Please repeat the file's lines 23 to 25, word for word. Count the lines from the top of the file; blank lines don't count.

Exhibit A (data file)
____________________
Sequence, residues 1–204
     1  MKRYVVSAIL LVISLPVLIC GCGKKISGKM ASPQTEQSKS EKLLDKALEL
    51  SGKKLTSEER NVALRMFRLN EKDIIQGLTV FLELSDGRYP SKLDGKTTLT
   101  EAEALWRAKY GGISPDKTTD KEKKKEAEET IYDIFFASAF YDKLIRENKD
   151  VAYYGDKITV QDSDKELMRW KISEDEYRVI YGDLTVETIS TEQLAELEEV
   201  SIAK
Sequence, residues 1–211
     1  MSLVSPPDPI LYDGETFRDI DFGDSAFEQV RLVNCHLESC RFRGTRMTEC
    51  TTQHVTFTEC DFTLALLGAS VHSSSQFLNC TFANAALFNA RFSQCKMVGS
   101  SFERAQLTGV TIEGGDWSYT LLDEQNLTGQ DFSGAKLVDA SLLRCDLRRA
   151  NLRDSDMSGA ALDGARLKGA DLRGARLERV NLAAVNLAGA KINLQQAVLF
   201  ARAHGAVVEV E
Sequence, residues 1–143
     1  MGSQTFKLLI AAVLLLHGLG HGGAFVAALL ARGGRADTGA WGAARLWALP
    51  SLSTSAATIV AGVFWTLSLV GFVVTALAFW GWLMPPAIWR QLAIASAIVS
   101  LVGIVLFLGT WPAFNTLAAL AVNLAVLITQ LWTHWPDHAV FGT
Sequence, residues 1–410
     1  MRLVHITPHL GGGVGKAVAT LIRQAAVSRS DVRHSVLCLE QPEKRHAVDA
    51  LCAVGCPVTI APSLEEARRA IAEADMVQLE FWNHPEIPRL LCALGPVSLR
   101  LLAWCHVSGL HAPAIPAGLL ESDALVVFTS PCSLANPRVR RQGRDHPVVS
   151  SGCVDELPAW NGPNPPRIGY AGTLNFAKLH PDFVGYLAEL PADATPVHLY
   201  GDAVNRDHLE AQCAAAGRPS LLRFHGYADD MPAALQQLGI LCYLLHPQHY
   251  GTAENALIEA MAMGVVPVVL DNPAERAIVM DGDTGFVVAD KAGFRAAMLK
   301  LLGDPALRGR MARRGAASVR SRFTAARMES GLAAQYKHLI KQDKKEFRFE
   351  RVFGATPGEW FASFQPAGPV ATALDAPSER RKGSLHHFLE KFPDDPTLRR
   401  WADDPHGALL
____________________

   251  GTAENALIEA MAMGVVPVVL DNPAERAIVM DGDTGFVVAD KAGFRAAMLK
   301  LLGDPALRGR MARRGAASVR SRFTAARMES GLAAQYKHLI KQDKKEFRFE
   351  RVFGATPGEW FASFQPAGPV ATALDAPSER RKGSLHHFLE KFPDDPTLRR